IP blindness

As a piece of the effort to reduce fingerprinting, the Willful IP Blindness document describes a mechanism by which domains can be voluntarily blind to the IP address of the client and can advertise this fact to the client, which itself may change behavior as a result. One imagines that IP blindness would add value to the privacy budget which might be spent elsewhere.

The proposal is for the network operator (a cloud operator like AWS or Azure), edge cache (Cloudflare, for example), or the client itself (a built-in VPN) to hide detailed IP address data from an implementing server; and for some form of audit to ensure compliance.

One imagines that cloud operators like AWS might offer IP blindness as an optional feature of ELB and similar network-frontend tools.

Several possible solutions are offered for IP-geolocation:

geo-ip-granularity location could be made available through a client hint, which also allows the sites consuming the information to be tracked, measured and potentially denied. Alternatively, if policy allows it, the privatizer could provide geo-IP information to the hosted services.

Where Privacy Budget and Willful IP Blindness seek to take functionality away to prevent a specific type of activity (fingerprinting), the rest of the sandbox attempts to provide mechanisms to address advertising use cases without the use of third party cookies or cross-site identity in general.


The TURTLEDOVE (“Two Uncorrelated Requests, Then Locally-Executed Decision On Victory”) proposal endeavors to allow consumer retargeting without any consumers actually identified or identifiable. The proposal defines a mechanism by which an advertiser could ask the browser to persist some piece of information about the user along with any “ad networks” who should have access to the data.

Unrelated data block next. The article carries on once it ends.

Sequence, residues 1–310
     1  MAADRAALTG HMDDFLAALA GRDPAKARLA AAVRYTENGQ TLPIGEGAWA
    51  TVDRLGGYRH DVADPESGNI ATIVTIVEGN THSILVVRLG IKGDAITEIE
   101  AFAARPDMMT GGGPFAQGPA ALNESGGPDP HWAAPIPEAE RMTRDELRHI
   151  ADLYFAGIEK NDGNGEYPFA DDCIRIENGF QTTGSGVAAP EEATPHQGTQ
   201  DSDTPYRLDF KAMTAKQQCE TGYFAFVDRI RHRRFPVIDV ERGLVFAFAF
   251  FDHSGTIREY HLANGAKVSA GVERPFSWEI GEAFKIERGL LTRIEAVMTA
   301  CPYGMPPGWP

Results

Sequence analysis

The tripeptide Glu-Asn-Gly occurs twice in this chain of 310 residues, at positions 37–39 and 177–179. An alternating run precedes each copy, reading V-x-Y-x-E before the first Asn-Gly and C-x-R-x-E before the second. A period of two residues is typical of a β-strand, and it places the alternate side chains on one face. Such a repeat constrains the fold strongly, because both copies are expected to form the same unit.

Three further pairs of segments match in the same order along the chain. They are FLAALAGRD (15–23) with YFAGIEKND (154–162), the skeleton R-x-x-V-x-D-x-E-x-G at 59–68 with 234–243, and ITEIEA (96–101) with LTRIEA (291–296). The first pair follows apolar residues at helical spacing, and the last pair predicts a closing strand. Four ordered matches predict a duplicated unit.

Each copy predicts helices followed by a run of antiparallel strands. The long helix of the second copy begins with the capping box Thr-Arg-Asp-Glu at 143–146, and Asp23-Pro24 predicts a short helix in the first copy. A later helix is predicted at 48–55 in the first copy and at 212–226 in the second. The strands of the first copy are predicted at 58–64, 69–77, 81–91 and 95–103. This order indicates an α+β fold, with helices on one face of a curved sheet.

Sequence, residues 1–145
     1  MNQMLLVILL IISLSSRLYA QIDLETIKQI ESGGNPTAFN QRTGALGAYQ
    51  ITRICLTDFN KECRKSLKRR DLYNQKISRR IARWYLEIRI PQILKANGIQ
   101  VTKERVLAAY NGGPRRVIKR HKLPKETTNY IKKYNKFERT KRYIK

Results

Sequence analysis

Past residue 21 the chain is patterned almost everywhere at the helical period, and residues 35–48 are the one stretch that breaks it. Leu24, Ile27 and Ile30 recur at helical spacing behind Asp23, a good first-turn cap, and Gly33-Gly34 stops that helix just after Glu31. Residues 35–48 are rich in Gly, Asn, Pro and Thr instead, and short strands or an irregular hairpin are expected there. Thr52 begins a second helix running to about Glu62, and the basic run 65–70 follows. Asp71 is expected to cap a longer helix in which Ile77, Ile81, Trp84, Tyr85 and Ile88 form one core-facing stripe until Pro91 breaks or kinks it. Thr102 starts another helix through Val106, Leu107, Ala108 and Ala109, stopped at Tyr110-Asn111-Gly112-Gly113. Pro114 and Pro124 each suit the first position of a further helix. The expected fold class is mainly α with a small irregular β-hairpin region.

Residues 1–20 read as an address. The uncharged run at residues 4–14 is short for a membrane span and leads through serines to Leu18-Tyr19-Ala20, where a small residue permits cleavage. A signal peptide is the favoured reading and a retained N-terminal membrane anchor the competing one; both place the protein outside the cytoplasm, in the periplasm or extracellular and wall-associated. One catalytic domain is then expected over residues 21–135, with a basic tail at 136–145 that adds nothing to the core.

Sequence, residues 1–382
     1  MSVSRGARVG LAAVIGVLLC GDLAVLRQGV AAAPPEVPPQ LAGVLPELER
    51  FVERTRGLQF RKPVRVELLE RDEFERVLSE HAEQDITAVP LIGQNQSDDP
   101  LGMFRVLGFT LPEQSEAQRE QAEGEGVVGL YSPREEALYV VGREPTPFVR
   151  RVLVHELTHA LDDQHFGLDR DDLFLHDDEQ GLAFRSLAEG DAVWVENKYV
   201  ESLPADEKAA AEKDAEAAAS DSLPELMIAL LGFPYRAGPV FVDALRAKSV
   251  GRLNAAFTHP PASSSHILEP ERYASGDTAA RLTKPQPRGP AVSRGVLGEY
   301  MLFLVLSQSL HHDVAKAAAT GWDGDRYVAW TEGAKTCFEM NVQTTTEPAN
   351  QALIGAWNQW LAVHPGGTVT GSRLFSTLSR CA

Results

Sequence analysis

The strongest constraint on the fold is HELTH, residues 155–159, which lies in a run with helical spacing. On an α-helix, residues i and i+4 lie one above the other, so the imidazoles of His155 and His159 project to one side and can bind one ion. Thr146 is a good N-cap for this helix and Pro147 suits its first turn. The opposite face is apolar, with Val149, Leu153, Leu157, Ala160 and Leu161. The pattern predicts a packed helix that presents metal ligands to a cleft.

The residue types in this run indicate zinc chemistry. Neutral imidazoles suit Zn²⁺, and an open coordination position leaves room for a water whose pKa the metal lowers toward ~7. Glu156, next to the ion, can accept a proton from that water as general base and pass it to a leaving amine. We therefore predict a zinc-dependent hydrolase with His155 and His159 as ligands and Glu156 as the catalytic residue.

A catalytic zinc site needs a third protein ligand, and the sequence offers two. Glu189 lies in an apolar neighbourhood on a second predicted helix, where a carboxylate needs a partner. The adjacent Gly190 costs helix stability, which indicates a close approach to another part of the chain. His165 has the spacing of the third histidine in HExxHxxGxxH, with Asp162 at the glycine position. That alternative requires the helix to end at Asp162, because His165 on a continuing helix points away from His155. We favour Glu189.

Let’s look at the example:

var myGroup = {'owner' : 'www.wereallylikeshoes.com', 'name' : 'athletic-shoes', 'readers' : ['first-ad-network.com', 'second-ad-network.com'] };
window.navigator.joinPrivateInterestGroup(myGroup, 2592000);

What this means: for 2,592,000 seconds (30 days), the site www.wereallylikeshoes.com wishes to disclose to first-ad-network.com and second-ad-network.com that the client is in the “athletic-shoes” segment. The “athletic-shoes” segment name could be anything; the browser is (mostly) agnostic to its content.

Targeting time is a bit more complicated and consists of three steps:

  1. A request for an audience-targeted ad from one of the ad networks listed above (“first-ad-network.com”), which is stripped of any contextual data such as the domain on which it will run and is returned to the client (as a web bundle) and saved in the browser for rendering at some later point in time.
  2. A request for a contextually-targeted ad that does not receive audience data (like a “FLoC” defined below).
  3. An in-browser auction to decide between the two ads with the auction logic defined by the network.

If this sounds complicated, it is. TURTLEDOVE looks like the most raw specification and the most likely to change in meaningful ways over the next two years.

Category targeting

FLoC” suggests a path for the browser itself to use browsing activity to cluster devices into “cohorts” of devices with similar interests.

The browser uses machine learning algorithms to develop a flock based on the sites that an individual visits. The algorithms might be based on the URLs of the visited sites, on the content of those pages, or other factors. The central idea is that these input features to the algorithm, including the web history, are kept local on the browser and are not uploaded elsewhere — the browser only exposes the generated flock. The browser ensures that flocks are well distributed so that each flock represents thousands of people.